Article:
UNITED STATES DISTRICT COURT EASTERN DISTRICT OF CALIFORNIA
May 12, 2011
KENNETH WAYNE LEIST,
The opinion of the court was delivered by: Sandra M. Snyder United States Magistrate Judge
ORDER GRANTING RESPONDENT'S
MOTION TO DISMISS, DISMISSING
PETITION FOR WRIT OF HABEAS CORPUS WITH PREJUDICE, DIRECTING CLERK
OF COURT TO TERMINATE ACTION, AND DECLINING TO ISSUE A CERTIFICATE OF
Petitioner is a state prisoner proceeding pro se with a petition for writ of habeas corpus pursuant to 28 U.S.C. § 2254. Pursuant to 28 U.S.C. § 636(c)(1), the parties have consented to the jurisdiction of the United States Magistrate Judge. Local Rule 305(b).
Petitioner pled nolo contendere to voluntary manslaughter with a firearm enhancement. On December 21, 2005, he was sentenced to a determinate state prison term of fifteen years. Petitioner did not appeal his sentence.
Petitioner subsequently filed three pro se state post-conviction collateral challenges. The first petition was filed on October 13, 2009, in the Kern County Superior Court. The petition was denied on December 23, 2009.
The second petition for writ of habeas corpus was filed on January 20, 2010, in the California Court of Appeal, Fifth Appellate District. The petition was denied on March 16, 2010.
The third petition for writ of habeas corpus was filed on March 30, 2010, in the California Supreme Court. The petition was denied on November 10, 2010.
The instant petition for writ of habeas corpus was filed on December 15, 2010.
On April 12, 2011, Respondent filed the instant motion to dismiss. Petitioner filed an opposition on May 2, 2011, and Respondent filed a reply on May 6, 2011.
I. Procedural Grounds for Motion to Dismiss
Rule 4 of the Rules Governing Section 2254 Cases allows a district court to dismiss a petition if it "plainly appears from the petition and any attached exhibits that the petitioner is not entitled to relief in the district court . . . ." Rule 4 of the Rules Governing Section 2254 Cases.
The Ninth Circuit has allowed respondents to file a motion to dismiss in lieu of an answer if the motion attacks the pleadings for failing to exhaust state remedies or being in violation of the state's procedural rules. See e.g., O'Bremski v. Maass, 915 F.2d 418, 420 (9th Cir. 1990) (using Rule 4 to evaluate motion to dismiss petition for failure to exhaust state remedies); White v. Lewis, 874 F.2d 599, 602-03 (9th Cir. 1989) (using Rule 4 as procedural grounds to review motion to dismiss for state procedural default); Hillery v. Pulley, 533 F.Supp. 1189, 1194 & n.12 (E.D. Cal. 1982) (same). Thus, a respondent can file a motion to dismiss after the court orders a response, and the Court should use Rule 4 standards to review the motion. See Hillery, 533 F. Supp. at 1194 & n. 12.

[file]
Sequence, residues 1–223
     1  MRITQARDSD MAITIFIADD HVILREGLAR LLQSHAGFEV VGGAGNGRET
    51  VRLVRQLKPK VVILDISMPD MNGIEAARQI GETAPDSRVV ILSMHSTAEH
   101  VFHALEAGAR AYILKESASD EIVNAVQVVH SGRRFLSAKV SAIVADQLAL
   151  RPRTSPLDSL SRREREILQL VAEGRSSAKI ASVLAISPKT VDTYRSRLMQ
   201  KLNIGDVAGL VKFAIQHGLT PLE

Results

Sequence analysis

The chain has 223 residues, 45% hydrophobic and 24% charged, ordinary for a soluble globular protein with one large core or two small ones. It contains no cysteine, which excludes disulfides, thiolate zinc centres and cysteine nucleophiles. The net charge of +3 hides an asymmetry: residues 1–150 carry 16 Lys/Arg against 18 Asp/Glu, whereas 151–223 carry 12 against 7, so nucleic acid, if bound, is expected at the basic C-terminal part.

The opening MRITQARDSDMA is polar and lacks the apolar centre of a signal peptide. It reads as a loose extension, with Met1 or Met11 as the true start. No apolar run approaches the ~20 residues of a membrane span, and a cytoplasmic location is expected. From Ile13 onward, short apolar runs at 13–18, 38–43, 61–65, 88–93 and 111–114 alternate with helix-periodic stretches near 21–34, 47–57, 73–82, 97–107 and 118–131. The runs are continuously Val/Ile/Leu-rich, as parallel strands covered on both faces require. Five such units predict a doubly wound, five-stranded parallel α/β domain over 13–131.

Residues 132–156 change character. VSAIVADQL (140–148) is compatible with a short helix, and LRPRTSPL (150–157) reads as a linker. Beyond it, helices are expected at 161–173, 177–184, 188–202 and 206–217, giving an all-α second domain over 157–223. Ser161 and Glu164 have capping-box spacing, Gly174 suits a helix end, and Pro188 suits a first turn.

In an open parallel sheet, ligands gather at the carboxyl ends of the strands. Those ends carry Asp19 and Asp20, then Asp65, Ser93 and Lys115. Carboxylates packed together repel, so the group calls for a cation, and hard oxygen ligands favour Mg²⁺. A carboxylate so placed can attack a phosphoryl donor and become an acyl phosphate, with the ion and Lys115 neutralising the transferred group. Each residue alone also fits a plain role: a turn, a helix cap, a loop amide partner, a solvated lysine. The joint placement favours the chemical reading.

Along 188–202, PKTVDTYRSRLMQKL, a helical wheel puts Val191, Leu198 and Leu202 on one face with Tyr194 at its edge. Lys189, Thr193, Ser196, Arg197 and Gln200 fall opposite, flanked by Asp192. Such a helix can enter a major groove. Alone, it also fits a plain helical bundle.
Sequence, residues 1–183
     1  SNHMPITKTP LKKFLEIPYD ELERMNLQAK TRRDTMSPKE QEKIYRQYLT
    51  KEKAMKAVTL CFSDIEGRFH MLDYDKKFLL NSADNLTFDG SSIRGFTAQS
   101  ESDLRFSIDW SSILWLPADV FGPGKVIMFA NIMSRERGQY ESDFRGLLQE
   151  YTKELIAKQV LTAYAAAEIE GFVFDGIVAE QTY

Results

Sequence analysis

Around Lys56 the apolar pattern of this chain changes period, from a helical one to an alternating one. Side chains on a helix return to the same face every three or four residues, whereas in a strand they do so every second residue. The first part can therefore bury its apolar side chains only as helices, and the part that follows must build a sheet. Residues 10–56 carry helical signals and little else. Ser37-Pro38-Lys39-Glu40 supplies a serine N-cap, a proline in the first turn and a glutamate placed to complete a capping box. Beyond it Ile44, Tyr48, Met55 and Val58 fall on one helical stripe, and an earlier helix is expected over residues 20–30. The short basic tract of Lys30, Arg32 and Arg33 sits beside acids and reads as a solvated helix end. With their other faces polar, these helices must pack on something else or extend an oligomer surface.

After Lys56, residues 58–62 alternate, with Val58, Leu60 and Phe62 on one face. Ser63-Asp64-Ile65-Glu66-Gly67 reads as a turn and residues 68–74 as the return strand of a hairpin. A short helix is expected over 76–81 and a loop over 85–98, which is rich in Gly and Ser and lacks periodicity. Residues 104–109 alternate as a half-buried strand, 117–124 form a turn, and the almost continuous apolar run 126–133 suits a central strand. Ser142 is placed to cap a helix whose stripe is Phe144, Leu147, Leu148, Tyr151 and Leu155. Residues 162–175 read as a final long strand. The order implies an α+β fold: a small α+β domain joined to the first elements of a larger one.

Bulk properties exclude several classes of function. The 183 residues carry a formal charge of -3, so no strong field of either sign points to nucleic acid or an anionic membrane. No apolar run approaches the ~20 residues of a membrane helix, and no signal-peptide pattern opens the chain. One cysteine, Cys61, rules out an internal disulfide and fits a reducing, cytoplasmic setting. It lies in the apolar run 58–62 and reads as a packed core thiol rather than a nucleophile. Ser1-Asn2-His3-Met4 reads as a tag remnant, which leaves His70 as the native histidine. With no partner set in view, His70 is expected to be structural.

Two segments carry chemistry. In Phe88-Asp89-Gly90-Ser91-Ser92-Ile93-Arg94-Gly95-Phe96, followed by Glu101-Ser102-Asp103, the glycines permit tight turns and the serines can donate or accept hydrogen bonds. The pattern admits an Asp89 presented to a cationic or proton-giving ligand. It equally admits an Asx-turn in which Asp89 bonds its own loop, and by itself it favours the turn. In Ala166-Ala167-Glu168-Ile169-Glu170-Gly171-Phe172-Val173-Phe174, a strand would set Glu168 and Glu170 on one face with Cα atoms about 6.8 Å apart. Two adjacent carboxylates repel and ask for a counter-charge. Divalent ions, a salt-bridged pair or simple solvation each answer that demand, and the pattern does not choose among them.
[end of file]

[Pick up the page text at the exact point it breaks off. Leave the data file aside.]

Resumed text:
In this case, Respondent's motion to dismiss is based on a violation of 28 U.S.C. 2244(d)(1)'s one-year limitations period. Therefore, the Court will review Respondent's motion to dismiss pursuant to its authority under Rule 4.
II. Limitation Period for Filing a Petition for Writ of Habeas Corpus On April 24, 1996, Congress enacted the Antiterrorism and Effective Death Penalty Act of 1996 (AEDPA). The AEDPA imposes various requirements on all petitions for writ of habeas corpus filed after the date of its enactment. Lindh v. Murphy, 521 U.S. 320, 117 S.Ct. 2059, 2063 (1997); Jeffries v. Wood, 114 F.3d 1484, 1499 (9th Cir. 1997) (en banc), cert. denied, 118 S.Ct. 586 (1997). The instant petition was filed on December 15, 2010, and thus, it is subject to the provisions of the AEDPA.
The AEDPA imposes a one year period of limitation on petitioners seeking to file a federal petition for writ of habeas corpus. 28 U.S.C. § 2244(d)(1). As amended, Section 2244, subdivision (d) reads:
(1) A 1-year period of limitation shall apply to an application for a writ of habeas corpus by a person in custody pursuant to the judgment of a State court. The limitation period shall run from the latest of --
(A) the date on which the judgment became final by the conclusion of direct review or the expiration of the time for seeking such review;
(B) the date on which the impediment to filing an application created by State action in violation of the Constitution or laws of the United States is removed, if the applicant was prevented from filing by such State action;
(C) the date on which the constitutional right asserted was initially recognized by the Supreme Court, if the right has been newly recognized by the Supreme Court and made retroactively applicable to cases on collateral review; or
(D) the date on which the factual predicate of the claim or claims presented could have been discovered through the exercise of due diligence.
(2) The time during which a properly filed application for State post-conviction or other collateral review with respect to the pertinent judgment or claim is pending shall not be counted toward any period of limitation under this subsection.
In most cases, the limitation period begins running on the date that the petitioner's direct review became final. Here, on December 21, 2005, Petitioner was sentenced to state prison. Petitioner did not file a direct appeal. Consequently, Petitioner's conviction became final sixty days after he was sentenced when the time for filing a direct appeal expired, i.e. February 19, 2006. Cal. Rules of Court, rule 8.302(a) (notice of appeal must be filed within 60 days after the rendition of judgment); Lewis v. Mitchell, 173 F.Supp.2d 1057, 1060 (C.D. Cal. 2001) (where petitioner did not appeal her conviction to California Court of Appeal, conviction became final 60 days after she was sentenced). The one-year limitations period commenced running the following day--February 20, 2006. Patterson v. Stewart, 251 F.3d 1243, 1246 (9th Cir. 2001) (citing Fed. R. Civ. P. 6(a)). Thus, the last day to file a federal petition was on February 19, 2007, absent any time for tolling.
III. Tolling of the Limitation Period Pursuant to 28 U.S.C. § 2244(d)(2)